And the other participating theatres have enjoyed the collaboration just as much as Miller and the congregations have.
TheatreLAB has been proud to participate in AOF since 2013. They’ve produced three shows: Riding the Bull (2013) (above image), Grace (2014), and Oblivion (2015) – as part of the main stage production. They also produced an additional show – when last we flew – as part of the Fringe Festival with Richmond Triangle Players during the run of their production of Angels in America (top image), the play that inspired Flew.
The Fringe Festival runs concurrently with AOF and, according to AOF’s website “offers non-professional theatres to engage their audiences.”
Deejay Gray, TheatreLAB’s Artistic Director said “this festival is much more about faith than any particular religion or realm of spirituality. To me, this festival transcends all of that because regardless of who or what we believe, there is nothing more human than our desire to understand the world around us.” His favorite of TheatreLAB’s AOF entries? “Riding the Bull,” which put Gray’s company on Richmond’s radar. He said that the AOF is his “favorite time of year to be a theatre artist.”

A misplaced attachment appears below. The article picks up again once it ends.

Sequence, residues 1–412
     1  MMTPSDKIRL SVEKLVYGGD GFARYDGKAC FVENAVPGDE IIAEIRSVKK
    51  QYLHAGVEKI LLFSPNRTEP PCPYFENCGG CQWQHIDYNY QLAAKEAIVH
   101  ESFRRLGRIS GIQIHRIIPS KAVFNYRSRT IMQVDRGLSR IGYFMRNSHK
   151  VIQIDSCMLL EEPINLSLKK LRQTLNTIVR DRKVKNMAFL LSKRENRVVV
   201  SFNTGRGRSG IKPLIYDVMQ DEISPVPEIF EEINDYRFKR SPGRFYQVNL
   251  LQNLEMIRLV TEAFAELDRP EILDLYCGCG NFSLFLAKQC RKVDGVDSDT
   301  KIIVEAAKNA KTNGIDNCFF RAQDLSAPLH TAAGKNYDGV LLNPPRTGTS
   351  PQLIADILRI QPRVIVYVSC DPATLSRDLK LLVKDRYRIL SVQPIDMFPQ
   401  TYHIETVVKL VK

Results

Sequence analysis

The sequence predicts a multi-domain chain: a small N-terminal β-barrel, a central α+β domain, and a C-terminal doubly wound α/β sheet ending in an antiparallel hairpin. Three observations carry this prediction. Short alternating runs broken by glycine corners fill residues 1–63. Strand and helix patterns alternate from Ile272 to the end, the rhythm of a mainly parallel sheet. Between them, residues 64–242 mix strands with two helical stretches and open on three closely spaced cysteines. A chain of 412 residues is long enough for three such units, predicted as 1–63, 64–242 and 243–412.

Philip Crosby, Managing Director of Richmond Triangle Players (RTP) the “leading voice in the community’s exploration of equality, identify, affection and family, across sexual orientation and gender spectrums” believes that part of the festival’s popularity is audiences’ desire to “take a deep dive into tackling the hard questions. They want to be challenged in their faith views, discuss them, defend them, wrestle with them.”